Here, the disclosure sought in the petition was limited to obtaining the identity of the prospective defendants in the contemplated action. Contrary to the school's arguments, there was no request by the petitioners for any other information relating to the school's internal investigation of E.L.'s alleged violation of the school's code of conduct. Furthermore, the petition set forth a proposed cause of action for which disclosure was needed. In this regard, the petition alleged that an action could be maintained on behalf of E.L. against the unknown individual to recover damages for, among other things, intentional infliction of emotional distress.

         Under New York law, a cause of action alleging intentional infliction of emotional distress "has four elements: (i) extreme and outrageous conduct; (ii) intent to cause, or disregard of a substantial probability of causing, severe emotional distress; (iii) a causal connection between the conduct and injury; and (iv) severe emotional distress" (Howell v New York Post Co., 81 N.Y.2d 115, 121; see Taggart v Costabile, 131 A.D.3d 243, 249). In support of its argument that the petition failed to allege facts that would constitute a cognizable cause of action against the unidentified individual, the school contends that the petition failed to adequately allege extreme and outrageous conduct.

         The element of outrageous conduct "serves the dual function of filtering out petty and trivial complaints that do not belong in court, and assuring that plaintiff's claim of severe emotional distress is genuine" (Howell v New York Post Co., 81 N.Y.2d at 121, citing William L. Prosser, Insult and Outrage, 44 Cal L Rev 40, 44-45 [1956]). " Liability has been found only where the conduct has been so outrageous in character, and so extreme in degree, as to go beyond all possible bounds of decency, and to be regarded as atrocious, and utterly intolerable in a civilized community'" (Murphy v American Home Prods. Corp., 58 N.Y.2d 293, 303, quoting Restatement [Second] of Torts § 46, Comment D; see Marmelstein v Kehillat New Hempstead: Rav Aron Jofen Community Synagogue, 11 N.Y.3d 15, 22-23; Taggart v Costabile, 131 A.D.3d at 249-250). Indeed, "where severe mental pain or anguish is inflicted through a deliberate and malicious campaign of harassment or intimidation, a remedy is available in the form of an action for the intentional infliction of emotional distress" (Nader v General Motors Corp., 25 N.Y.2d 560, 569; see Vasarhelyi v New School for Social Research, 230 A.D.2d 658, 661). Here, assuming the truth of the facts alleged in the petition, the acts complained of could be found by a trier of fact to amount to extreme and outrageous conduct which cannot be tolerated in a civilized community (see Sawicka v Catena, 79 A.D.3d 848, 849-850; see also Dana v Oak Park Marina, 230 A.D.2d 204, 209; cf. Vasarhelyi v New School for Social Research, 230 A.D.2d at 661; Kaminski v United Parcel Serv., 120 A.D.2d 409, 412).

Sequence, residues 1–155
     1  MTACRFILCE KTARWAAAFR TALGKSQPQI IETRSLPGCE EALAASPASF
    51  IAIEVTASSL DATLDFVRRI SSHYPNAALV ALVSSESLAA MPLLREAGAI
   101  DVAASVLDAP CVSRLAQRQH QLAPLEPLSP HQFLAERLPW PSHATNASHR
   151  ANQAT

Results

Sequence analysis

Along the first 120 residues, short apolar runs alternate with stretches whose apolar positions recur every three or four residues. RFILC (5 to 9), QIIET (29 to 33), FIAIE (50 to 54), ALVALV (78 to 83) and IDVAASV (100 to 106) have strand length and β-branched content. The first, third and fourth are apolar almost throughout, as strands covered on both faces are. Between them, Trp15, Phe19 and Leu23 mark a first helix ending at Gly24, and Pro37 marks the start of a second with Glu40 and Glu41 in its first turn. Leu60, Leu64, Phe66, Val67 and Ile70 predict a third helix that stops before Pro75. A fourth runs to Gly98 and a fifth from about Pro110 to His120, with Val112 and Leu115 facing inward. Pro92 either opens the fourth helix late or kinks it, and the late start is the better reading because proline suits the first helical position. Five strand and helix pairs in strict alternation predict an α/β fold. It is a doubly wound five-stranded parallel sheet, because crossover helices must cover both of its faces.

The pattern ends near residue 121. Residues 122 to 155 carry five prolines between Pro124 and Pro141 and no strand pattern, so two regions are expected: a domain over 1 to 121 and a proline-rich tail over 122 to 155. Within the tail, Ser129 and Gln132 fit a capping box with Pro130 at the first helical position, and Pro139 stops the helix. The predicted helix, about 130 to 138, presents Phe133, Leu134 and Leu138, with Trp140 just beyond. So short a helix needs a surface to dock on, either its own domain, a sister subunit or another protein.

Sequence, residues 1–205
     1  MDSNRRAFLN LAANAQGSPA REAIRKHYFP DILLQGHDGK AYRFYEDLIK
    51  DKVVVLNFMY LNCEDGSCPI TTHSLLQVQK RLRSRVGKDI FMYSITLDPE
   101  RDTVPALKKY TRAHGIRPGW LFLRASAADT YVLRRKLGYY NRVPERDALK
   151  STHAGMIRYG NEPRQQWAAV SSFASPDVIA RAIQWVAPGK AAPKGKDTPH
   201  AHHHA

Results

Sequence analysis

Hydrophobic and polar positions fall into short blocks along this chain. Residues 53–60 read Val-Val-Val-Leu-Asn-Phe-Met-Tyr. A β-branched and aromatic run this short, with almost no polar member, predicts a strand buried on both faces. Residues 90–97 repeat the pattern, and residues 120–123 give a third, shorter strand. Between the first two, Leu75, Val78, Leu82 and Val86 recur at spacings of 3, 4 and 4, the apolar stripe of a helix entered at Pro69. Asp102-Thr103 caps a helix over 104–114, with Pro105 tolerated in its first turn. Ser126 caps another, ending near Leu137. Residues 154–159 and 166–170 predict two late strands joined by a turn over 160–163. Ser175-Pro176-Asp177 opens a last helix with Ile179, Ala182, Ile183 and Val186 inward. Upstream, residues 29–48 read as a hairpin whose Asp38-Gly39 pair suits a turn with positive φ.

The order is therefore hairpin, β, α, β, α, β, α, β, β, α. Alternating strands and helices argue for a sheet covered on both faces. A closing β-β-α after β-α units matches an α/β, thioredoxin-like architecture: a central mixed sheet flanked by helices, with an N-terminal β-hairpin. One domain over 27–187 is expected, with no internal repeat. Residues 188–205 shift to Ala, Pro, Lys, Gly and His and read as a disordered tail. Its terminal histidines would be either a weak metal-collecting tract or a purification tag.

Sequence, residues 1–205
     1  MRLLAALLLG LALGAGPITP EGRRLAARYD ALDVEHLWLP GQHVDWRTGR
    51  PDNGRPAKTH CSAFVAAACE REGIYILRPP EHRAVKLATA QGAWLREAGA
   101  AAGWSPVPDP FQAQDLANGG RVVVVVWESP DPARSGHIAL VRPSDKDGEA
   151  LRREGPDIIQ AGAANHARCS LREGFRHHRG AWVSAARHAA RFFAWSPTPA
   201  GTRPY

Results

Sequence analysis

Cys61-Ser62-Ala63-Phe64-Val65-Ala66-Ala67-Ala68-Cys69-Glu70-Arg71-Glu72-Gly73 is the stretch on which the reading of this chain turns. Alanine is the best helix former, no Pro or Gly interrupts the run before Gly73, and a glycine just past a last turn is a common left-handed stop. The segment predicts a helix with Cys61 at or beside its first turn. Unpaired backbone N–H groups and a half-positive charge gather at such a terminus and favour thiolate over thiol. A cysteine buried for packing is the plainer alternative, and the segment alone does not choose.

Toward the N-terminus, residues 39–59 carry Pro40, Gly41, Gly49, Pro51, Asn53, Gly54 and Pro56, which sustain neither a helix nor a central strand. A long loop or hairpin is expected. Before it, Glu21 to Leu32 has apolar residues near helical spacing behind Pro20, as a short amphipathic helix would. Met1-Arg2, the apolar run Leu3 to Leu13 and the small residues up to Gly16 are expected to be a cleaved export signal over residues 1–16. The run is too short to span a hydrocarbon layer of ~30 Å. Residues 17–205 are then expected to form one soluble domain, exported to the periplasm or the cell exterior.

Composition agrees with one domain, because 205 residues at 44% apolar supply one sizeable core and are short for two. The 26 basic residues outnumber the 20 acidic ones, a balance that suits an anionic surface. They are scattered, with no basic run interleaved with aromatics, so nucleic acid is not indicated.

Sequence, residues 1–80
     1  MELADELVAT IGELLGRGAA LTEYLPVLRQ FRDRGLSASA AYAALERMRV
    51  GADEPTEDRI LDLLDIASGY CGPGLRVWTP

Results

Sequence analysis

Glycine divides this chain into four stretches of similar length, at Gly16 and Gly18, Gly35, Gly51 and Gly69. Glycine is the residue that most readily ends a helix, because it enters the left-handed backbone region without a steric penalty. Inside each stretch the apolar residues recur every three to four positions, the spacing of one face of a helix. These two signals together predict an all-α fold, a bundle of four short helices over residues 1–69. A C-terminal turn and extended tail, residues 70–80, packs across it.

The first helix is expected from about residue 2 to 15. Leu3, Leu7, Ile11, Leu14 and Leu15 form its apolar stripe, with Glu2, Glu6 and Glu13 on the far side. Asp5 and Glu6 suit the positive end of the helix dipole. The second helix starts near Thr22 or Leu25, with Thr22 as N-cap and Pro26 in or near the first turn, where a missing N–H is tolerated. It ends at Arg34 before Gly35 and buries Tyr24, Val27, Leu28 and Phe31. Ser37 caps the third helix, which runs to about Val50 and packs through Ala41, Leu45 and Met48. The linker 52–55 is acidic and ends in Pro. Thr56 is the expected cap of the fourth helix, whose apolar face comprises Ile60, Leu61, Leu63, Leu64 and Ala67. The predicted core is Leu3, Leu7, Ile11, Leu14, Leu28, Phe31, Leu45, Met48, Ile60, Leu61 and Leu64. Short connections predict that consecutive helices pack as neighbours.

In light of the foregoing we need not determine whether the petition states any additional causes of action. Furthermore, the school's remaining contentions are either without merit or improperly raised for the first time on appeal.

         In sum, since the petitioners have limited their requested disclosure to obtaining the identity of prospective defendants and have alleged facts fairly indicating that they have a cause of action, the Supreme Court properly granted the petition to the extent of directing the school to disclose the names of the individuals who provided it with the photograph and identified E.L. as the subject of the photograph (see CPLR 3102[c]; Matte ...